Nevertheless, Monday, May 13 will be the 80th day. Normally the session runs for 90 days, but this year there has been a move to shorten the session to save money. However, keeping to this 80-day session will be difficult since both chambers are still haggling over the budget and tax policy, neither of which are anywhere near completion. See


Both chambers will also need to deal with the Consensus Revenue Estimates set to become public on Friday, April 19. If these estimates for FY 2014 are in the red, legislators will need to increase funding, most likely in the form of sales tax extension. If the Kansas House lacks the votes to keep the sales tax cutting spending is the only answer left to them. And cutting would probably start with higher education since the Kansas Senate’s budget only calls for a 2 percent cut while the Kansas House chops 4 percent.


Keeping the sales tax at its current level is a major budget policy for the governor, but last week the Kansas House voted down a tax bill that contained the sales tax piece. See It was mostly political posturing but the vote was instructive because it showed a less than willing appetite for more taxes.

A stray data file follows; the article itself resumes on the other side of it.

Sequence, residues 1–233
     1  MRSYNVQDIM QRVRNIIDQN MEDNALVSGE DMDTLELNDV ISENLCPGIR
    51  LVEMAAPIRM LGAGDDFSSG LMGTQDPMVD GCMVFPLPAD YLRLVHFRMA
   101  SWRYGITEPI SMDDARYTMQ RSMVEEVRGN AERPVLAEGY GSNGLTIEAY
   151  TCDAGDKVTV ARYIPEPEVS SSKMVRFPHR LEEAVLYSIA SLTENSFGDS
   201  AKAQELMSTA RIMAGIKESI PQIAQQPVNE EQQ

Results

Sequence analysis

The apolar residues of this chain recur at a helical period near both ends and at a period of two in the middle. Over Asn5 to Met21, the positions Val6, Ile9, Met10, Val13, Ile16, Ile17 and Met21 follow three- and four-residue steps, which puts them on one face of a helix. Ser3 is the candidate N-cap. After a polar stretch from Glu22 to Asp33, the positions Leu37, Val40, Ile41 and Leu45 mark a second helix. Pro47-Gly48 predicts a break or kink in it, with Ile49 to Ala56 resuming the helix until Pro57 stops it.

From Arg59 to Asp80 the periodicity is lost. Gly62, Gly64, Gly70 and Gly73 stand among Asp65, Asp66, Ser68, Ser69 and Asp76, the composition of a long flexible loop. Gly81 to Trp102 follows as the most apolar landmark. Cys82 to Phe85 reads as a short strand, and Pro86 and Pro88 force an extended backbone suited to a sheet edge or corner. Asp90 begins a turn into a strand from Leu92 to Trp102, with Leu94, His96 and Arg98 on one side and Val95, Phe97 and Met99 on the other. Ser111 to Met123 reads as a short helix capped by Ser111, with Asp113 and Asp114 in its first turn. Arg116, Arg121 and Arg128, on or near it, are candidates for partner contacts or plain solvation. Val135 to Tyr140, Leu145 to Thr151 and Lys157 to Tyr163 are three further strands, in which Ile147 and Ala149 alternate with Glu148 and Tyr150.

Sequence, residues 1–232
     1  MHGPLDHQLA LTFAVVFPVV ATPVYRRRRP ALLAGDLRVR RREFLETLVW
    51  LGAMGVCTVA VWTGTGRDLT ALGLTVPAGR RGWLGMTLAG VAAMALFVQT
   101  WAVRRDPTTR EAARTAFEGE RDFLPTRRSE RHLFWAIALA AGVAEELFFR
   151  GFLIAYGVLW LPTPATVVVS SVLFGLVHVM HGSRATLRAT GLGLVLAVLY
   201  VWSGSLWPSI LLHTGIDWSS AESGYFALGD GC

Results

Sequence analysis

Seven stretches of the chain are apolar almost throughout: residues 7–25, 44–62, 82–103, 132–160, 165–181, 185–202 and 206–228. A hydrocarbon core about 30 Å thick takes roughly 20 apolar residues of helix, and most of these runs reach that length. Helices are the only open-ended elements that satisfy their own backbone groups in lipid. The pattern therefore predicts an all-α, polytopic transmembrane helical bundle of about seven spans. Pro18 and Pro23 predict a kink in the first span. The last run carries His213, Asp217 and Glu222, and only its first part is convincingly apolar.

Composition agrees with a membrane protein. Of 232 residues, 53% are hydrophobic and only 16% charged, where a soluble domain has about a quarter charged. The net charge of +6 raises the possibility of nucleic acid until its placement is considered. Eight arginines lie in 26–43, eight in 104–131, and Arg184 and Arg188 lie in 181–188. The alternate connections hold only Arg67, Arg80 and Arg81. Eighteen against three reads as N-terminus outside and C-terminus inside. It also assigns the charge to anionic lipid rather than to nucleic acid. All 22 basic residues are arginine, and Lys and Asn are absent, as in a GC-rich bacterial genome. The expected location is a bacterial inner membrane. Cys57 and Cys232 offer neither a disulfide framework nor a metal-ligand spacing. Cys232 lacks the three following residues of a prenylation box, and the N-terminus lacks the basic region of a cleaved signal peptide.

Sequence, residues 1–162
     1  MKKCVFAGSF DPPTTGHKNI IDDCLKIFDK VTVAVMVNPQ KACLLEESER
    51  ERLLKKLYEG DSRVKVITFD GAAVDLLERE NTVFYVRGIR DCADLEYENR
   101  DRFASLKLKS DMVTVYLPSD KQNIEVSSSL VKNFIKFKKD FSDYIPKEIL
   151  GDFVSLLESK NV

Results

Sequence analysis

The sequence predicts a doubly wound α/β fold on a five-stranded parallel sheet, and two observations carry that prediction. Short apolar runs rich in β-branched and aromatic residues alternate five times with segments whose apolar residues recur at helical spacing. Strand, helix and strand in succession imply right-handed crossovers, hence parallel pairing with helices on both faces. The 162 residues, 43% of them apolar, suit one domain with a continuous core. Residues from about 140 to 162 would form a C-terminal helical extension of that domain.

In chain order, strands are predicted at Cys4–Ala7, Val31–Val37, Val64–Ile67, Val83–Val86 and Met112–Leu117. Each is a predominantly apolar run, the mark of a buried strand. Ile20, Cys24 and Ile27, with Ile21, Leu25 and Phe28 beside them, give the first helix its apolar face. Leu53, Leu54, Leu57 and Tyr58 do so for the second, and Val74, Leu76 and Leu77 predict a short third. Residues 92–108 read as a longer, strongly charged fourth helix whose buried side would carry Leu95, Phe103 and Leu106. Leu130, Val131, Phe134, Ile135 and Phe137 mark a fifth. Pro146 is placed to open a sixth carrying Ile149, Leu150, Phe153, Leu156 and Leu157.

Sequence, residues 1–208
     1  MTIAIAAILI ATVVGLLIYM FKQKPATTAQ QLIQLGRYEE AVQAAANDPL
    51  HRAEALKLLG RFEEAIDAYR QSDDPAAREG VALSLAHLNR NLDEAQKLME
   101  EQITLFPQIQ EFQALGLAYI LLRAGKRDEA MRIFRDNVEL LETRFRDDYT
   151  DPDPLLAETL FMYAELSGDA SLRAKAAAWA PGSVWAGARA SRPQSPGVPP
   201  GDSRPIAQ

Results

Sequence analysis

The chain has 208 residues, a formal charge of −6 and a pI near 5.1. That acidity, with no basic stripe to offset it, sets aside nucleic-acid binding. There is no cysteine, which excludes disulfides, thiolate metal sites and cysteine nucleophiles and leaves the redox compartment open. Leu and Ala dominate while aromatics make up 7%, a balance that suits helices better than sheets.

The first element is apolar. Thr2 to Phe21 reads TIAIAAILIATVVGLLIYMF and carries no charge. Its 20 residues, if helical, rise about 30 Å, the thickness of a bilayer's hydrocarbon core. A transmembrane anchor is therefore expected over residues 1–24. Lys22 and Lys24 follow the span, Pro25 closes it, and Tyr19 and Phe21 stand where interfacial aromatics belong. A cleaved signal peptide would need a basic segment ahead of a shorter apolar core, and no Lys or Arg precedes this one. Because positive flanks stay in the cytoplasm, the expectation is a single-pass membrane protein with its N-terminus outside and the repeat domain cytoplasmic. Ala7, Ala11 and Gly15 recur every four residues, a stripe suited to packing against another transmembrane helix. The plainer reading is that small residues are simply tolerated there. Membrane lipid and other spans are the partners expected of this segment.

Besides working on the budget, the Kansas legislature spent the past week debating, amending, and then passing a number of conference committee reports. These reports contain a number of likeminded issues that are bundled together and passed as one piece of legislation. This process is the epitome of legislative sausage making. Some of the more discussed conference committee reports contained a series of abortion prohibitions, gambling, gun right protections, KDOT and Turnpike merger, and prevailing wage issues.


See Sweeping abortion bill sent to governor,; and Kansas abortion legislation life begins and fertilization,


See gaming bill,; Senate gambling compromise dies,; and Measure to lure casino to SE Kansas fails,


See Concealed Carry Bill – Conference Committee Report HB 2052, See also and


In addition, KDOT/Turnpike Merger – Conference Committee Report on HB 2234, See Modified merger of KTA-KDOT approved,; and House, Senate send bill to Brownback that would make KDOT secretary in charge of operating turnpike,


Here are some of the issues that are on their way to the governor’s desk: